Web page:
Pediatric mandibular fractures have successfully been managed in various ways. The use of a lingual splint is one such option. The typical indirect method for acrylic lingual splint fabrication involves obtaining dental impressions. Dental models are produced from those impressions so that model surgery may be performed. The splint is then made on those models using resin powder and liquid monomer in a wet laboratory and transferred to the patient. Obvious limitations to this technique exist for both patient and operator. We present a technique for direct, intraoperative, fabrication of a splint using commercially available light-cured material that avoids some of the shortcomings of the indirect method. Recommendations are made based on available material safety information.
Supplemental Digital Content is available in the text.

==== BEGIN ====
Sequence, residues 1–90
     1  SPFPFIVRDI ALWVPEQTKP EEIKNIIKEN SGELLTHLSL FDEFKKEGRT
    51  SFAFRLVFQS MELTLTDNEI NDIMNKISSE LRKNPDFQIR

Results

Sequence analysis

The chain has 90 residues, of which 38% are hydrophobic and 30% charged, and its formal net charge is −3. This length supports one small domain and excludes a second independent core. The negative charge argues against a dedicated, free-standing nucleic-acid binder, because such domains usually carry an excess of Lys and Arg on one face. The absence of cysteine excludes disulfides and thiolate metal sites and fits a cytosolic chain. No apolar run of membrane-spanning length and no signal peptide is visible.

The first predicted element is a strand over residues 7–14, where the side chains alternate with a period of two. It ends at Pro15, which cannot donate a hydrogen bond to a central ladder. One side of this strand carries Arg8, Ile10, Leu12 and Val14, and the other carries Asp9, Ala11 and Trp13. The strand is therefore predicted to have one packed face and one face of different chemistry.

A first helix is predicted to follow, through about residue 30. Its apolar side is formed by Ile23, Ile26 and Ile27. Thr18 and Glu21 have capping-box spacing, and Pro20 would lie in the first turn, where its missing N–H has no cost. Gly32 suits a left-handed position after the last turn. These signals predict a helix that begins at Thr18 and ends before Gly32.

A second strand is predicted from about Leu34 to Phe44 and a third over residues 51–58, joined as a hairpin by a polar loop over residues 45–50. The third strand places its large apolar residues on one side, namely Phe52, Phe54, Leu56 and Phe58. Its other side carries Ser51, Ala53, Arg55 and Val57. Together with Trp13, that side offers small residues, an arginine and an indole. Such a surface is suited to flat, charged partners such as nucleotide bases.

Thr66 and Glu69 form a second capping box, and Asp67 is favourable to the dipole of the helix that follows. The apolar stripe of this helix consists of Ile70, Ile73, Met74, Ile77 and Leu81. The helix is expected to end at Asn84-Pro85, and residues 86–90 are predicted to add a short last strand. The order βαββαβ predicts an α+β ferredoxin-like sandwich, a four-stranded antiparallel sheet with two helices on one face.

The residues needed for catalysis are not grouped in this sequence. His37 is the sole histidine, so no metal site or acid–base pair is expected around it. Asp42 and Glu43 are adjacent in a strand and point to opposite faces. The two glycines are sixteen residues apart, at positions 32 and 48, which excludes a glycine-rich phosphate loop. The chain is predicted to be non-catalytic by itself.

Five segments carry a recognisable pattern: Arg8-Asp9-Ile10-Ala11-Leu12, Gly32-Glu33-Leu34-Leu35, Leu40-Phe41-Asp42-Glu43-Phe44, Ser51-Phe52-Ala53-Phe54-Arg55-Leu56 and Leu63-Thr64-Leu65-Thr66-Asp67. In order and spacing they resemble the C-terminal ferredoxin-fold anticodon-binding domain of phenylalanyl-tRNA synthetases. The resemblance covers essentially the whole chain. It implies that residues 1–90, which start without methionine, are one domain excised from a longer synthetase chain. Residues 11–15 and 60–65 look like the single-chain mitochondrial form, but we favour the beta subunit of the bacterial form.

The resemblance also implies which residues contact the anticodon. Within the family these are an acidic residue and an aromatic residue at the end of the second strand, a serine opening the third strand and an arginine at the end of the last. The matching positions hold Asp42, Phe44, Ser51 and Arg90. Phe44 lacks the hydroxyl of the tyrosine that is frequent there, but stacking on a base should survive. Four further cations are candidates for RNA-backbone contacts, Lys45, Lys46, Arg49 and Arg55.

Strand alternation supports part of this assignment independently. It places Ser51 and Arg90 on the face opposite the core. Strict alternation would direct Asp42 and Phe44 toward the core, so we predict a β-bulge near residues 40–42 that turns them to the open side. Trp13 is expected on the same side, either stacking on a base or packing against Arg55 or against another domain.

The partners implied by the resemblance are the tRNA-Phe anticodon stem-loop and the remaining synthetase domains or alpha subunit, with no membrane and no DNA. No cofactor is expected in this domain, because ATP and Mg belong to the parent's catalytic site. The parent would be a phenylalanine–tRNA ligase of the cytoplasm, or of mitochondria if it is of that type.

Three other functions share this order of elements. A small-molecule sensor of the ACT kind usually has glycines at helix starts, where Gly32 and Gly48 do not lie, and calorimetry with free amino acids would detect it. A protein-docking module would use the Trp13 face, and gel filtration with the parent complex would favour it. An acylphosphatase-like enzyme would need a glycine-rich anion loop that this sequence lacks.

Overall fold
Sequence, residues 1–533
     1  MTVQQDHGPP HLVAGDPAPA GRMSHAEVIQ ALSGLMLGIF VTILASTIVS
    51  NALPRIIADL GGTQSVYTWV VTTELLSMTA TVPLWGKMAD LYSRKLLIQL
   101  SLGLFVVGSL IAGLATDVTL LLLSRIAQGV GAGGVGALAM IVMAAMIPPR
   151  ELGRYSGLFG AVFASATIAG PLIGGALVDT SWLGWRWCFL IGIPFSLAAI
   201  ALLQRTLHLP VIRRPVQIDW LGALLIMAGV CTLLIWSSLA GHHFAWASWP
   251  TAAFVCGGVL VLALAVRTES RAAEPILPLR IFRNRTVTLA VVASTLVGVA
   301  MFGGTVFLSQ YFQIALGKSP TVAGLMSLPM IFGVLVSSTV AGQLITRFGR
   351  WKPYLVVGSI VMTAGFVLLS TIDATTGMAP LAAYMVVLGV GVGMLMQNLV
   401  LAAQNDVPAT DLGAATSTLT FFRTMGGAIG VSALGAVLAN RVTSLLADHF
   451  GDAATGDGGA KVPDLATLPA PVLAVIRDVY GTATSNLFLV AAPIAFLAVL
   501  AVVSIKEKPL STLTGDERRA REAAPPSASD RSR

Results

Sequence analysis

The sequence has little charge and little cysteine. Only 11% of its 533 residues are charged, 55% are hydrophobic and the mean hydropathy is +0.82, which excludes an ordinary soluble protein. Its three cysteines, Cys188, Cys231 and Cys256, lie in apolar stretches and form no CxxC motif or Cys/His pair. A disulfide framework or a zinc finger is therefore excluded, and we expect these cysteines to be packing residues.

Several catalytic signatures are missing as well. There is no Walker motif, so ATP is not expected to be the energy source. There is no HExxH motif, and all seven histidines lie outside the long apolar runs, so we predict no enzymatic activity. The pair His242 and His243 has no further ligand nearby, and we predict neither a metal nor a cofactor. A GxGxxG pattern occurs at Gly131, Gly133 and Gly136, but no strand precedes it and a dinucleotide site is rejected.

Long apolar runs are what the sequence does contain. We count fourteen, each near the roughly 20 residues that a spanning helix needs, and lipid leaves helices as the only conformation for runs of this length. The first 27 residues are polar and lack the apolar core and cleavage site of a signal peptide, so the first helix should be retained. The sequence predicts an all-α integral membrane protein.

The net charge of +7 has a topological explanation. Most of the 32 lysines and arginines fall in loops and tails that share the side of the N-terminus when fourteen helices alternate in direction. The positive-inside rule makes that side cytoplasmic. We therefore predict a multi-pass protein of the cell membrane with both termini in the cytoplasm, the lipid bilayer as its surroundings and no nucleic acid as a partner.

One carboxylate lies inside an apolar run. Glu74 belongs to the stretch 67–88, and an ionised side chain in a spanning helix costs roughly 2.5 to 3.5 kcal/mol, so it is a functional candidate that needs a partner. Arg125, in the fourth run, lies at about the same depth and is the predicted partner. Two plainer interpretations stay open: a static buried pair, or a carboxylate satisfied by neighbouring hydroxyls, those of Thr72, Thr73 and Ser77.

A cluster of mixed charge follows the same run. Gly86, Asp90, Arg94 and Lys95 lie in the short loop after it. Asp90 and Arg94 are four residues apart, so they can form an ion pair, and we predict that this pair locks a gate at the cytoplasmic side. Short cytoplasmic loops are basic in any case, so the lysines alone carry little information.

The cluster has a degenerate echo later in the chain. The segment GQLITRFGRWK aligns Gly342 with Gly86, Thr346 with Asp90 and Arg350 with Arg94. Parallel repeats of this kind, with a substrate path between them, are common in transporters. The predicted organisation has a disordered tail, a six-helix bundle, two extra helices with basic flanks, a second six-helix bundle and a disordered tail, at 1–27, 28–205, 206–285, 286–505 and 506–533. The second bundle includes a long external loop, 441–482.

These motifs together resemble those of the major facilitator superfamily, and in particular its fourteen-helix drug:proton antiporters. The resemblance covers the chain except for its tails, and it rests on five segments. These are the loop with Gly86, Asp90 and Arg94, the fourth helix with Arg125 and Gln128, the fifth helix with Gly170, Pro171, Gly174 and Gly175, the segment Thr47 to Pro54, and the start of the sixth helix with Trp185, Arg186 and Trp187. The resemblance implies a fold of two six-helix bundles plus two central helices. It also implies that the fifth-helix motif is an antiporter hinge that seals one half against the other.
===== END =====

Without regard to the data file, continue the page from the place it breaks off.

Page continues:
From the *University of Cincinnati Medical Center, Cincinnati, Ohio; and †University of Pittsburgh, Pittsburgh, Pa.
Received for publication August 8, 2013; accepted August 28, 2013.
Disclosure: The authors have no financial interest to declare in relation to the content of this article. The Article Processing Charge was paid for by the authors.
Supplemental digital content is available for this article. Clickable URL citations appear in the text.
Gerardo P. Romeo, DDS, MD, University of Cincinnati Medical Center, Holmes Hospital, 200 Albert Sabin Way, ML 0461, Cincinnati, OH 45219-0461, E-mail: firstname.lastname@example.org
This is an open-access article distributed under the terms of the Creative Commons Attribution-NonCommercial-NoDerivatives 3.0 License, where it is permissible to download and share the work provided it is properly cited. The work cannot be changed in any way or used commercially.